I'm pretty sure that I have been given repeated signs from the gods of horse obesity that Gogo's days of grain-eating need to temporarily be over, and I think after this last one I need to listen. Firstly, Gogo is clearly gaining weight rapidly, and should not be carrying extra weight around on that leg, so if I can find any way to cut out extra calories, I should take it. Secondly, I already lost four bags of (incredibly expensive) Gro N' Win that I purchased in Connecticut when water leaked into my trailer during the snowstorm on the drive down to Texas and contaminated the grain. I managed to salvage a bit, but didn't have much, and searched desperately high and low in search of a grain dealer anywhere remotely near me that carried Buckeye. I finally found a place in Grapevine, over an hour away from my house. It was worth it, and I made the trek out there and brought a few more bags of grain home.
Things were going well until a few days ago. It is unclear whether or not this particular nuisance originated inside a bag of already contaminated grain, or if they came in through my open screen door, but I started noticing a massive influx of teeny tiny little beetles gathering near my door. I store my grain in my house specifically to safeguard it from rodents and bugs (you have no idea how terrifying Texas bugs are... I've already found THREE scorpions in my house... SCORPIONS!), but apparently, as my old landlord pointed out to me, I guess I should have gone one step further and gotten galvanized steel garbage cans. Worried about my grain, I went out and brought home some more intense storage containers, and poured the little bit of my first bag of Gro N' Win into the bin. When I poured my second bag into the bin (why did I do it second??), I pulled back the empty bag, looked into the bin, and gasped. It was CRAWLING with THOUSANDS of bugs!!! Closer inspection of the bag showed lots of little holes all over the bag that I didn't see before. Did the beetles sneak into the bag, multiply and start busting out, or did they bust in?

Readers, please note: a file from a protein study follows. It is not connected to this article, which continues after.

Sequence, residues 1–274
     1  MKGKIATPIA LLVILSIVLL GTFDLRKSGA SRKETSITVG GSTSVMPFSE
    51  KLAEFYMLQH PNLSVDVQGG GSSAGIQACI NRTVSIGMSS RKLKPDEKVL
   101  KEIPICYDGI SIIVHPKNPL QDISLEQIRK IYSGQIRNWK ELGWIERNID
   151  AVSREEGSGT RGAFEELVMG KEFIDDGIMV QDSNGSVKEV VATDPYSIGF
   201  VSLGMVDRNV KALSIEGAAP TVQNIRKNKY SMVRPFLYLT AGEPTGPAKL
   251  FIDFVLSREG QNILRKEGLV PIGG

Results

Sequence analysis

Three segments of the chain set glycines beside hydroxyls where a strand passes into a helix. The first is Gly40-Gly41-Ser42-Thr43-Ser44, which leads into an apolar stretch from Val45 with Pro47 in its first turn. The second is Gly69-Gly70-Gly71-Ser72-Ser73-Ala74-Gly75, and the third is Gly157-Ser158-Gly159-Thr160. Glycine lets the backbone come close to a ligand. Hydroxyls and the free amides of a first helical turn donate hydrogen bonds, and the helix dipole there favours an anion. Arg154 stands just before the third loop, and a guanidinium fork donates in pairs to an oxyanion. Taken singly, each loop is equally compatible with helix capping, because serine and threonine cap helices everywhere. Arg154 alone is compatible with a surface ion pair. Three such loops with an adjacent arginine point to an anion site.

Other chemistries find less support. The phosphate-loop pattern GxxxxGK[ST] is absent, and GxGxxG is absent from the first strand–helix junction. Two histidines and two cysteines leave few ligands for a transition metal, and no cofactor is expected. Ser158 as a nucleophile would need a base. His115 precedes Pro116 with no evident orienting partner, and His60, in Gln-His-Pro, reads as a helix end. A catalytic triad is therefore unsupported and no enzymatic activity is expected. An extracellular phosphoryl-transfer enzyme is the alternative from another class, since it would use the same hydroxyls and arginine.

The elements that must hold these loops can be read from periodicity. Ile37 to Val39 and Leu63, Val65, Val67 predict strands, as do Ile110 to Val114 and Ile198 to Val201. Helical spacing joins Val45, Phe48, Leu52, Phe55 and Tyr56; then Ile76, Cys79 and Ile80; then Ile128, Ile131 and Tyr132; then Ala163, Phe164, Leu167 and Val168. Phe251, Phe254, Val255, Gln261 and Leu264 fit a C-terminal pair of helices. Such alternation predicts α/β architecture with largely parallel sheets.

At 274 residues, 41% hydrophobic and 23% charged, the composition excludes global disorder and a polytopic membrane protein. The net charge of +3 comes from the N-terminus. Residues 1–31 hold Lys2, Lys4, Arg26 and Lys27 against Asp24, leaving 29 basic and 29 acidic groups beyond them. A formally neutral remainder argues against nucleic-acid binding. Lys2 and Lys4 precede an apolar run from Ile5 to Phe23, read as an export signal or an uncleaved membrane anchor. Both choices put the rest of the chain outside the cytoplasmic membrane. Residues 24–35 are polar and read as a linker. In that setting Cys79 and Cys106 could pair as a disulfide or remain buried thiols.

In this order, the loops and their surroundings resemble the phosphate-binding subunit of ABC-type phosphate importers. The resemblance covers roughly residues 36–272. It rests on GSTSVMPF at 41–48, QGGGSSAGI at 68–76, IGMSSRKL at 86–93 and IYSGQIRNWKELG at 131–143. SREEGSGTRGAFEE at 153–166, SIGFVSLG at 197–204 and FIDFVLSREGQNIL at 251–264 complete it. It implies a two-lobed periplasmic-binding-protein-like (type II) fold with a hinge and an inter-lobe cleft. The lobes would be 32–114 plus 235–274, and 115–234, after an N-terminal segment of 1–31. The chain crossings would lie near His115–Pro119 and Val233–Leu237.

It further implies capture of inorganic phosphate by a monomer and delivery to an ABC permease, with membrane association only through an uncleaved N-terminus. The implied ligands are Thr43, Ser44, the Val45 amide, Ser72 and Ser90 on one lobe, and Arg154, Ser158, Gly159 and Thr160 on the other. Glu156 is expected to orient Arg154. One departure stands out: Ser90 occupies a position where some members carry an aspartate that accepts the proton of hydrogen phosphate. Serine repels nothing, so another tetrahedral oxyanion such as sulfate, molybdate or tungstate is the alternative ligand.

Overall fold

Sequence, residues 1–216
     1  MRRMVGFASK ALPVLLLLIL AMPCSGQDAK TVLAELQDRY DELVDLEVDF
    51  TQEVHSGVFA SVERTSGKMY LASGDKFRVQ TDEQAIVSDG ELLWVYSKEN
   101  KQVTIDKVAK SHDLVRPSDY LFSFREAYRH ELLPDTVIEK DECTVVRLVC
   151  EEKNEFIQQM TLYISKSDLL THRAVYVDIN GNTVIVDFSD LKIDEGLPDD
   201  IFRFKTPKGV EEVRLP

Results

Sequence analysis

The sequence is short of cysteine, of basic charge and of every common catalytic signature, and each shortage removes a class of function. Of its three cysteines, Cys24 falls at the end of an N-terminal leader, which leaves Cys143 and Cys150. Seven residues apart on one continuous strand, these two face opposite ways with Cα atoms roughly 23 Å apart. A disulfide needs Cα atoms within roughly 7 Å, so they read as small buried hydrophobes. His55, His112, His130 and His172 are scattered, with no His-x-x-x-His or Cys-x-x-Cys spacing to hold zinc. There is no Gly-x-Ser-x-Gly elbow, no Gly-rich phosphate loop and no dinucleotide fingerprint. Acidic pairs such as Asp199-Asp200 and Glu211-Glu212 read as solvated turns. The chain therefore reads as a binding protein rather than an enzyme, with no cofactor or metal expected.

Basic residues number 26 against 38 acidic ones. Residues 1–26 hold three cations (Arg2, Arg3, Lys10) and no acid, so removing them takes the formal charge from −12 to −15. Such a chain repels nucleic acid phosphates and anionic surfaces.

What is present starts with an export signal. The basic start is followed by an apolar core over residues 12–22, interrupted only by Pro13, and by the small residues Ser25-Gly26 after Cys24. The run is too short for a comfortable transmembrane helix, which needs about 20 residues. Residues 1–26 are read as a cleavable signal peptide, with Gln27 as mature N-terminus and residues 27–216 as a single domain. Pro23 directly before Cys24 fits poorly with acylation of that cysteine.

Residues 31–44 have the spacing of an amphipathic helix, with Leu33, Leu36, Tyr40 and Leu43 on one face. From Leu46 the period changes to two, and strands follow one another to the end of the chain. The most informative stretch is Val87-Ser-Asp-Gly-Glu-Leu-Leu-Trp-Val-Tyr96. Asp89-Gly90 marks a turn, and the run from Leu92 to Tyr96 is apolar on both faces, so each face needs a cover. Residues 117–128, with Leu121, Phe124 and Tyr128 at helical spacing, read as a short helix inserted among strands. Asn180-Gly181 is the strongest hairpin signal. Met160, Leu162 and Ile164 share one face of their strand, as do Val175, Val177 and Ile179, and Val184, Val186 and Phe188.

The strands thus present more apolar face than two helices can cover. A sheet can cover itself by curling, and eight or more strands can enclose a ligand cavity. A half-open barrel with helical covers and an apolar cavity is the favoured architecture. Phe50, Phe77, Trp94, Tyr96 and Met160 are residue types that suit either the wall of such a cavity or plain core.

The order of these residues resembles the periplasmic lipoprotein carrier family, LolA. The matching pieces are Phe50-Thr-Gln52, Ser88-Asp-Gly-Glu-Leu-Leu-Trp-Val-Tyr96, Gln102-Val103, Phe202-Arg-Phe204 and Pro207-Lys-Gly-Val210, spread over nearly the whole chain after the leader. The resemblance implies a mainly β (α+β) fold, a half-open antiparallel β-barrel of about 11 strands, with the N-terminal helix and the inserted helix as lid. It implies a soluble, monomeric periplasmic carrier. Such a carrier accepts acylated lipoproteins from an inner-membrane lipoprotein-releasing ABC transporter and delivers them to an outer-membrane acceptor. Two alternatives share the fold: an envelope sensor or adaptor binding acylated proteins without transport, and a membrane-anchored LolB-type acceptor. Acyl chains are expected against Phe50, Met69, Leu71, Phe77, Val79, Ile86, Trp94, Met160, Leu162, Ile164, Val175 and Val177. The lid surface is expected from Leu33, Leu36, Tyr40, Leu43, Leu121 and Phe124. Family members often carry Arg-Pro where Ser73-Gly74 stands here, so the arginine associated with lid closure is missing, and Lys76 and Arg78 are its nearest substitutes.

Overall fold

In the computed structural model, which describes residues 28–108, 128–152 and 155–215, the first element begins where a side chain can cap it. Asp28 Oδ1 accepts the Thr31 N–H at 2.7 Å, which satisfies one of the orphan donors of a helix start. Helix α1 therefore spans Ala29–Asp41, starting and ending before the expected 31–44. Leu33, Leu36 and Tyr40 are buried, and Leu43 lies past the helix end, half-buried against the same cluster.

Either way, my entire remaining store of grain is gone. And my house still is crawling with bugs despite my best efforts to eradicate them. They don't bite, they so far haven't gotten into my food, and they haven't done anything except be annoying, but if I can't get them under control I'm going to have to bomb the house. Damnit all. Thought I could protect my grain in here, but noooooo, apparently not...
Anyway, I threw in the towel and gave up. The grain is impossible to get and impossible to store, Gogo is a Fattie Boomblattie, and she's not doing anything but eating right now. For the first time in four years, I'm taking her off of the Gro N' Win. Instead, I contacted SmartPak, went through their list of multivitamins, and ended up picking the SmartVite EZ Keeper Grass Formula. From now until she's presumably back in work someday, she won't be getting any grain. I also went ahead and ordered SmartShine, seeing as my bag of ground flax also got destroyed in the buggy process. It's cheap, although it's probably completely unnecessary. I loved the freakishly amazing shine that flax brought out in her last spring, and some extra Omega-3's won't hurt her. (If you notice in that picture from the shavings in her tail, she hadn't even been groomed yet that day... she was just that shiny standing around in her stall!)
It's a minor calorie reduction, but it's something to try and counter her ever-growing foodbelly. The other interesting thing is that this is the first time Gogo will ever be on a soy-free diet. (I mean, nearly every horse feed and supplement has some sort of soy base or derivative, but I guess you could call it for the most part 'soy-free.') While I don't honestly think that Gogo has a soy sensitivity, I am interested to see if removing soy from her diet will cause her white line to tighten up - a common problem with soy sensitive horses. Her hooves are rock-crunching and always have been, but she's had just a hair of white line separation and very slight flare on all four for pretty much ever. It just hasn't really ever gone away. I had attributed it to the soggy mushy climate of New England, but it's still here now that she's been in Texas for four months. Gogo easily drops a whole new foot in about six months. It will be interesting to see as her foot keeps growing down what happens. Trust me, nobody loves Gro N' Win more than I do, but you never know!
Can you find the Mami in the picture? :)
Zac's 3 week update
18 hours ago